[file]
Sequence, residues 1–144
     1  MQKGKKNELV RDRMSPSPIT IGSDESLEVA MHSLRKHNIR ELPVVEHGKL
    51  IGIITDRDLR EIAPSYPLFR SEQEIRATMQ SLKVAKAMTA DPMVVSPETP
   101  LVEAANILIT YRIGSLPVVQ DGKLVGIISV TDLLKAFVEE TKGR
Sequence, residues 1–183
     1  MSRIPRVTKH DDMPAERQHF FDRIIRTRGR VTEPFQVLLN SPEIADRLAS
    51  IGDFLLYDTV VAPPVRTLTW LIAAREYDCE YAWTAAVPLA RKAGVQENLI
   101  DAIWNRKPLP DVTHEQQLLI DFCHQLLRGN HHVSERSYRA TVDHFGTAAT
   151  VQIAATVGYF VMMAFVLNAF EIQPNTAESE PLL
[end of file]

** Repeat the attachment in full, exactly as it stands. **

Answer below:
Sequence, residues 1–144
     1  MQKGKKNELV RDRMSPSPIT IGSDESLEVA MHSLRKHNIR ELPVVEHGKL
    51  IGIITDRDLR EIAPSYPLFR SEQEIRATMQ SLKVAKAMTA DPMVVSPETP
   101  LVEAANILIT YRIGSLPVVQ DGKLVGIISV TDLLKAFVEE TKGR
Sequence, residues 1–183
     1  MSRIPRVTKH DDMPAERQHF FDRIIRTRGR VTEPFQVLLN SPEIADRLAS
    51  IGDFLLYDTV VAPPVRTLTW LIAAREYDCE YAWTAAVPLA RKAGVQENLI
   101  DAIWNRKPLP DVTHEQQLLI DFCHQLLRGN HHVSERSYRA TVDHFGTAAT
   151  VQIAATVGYF VMMAFVLNAF EIQPNTAESE PLL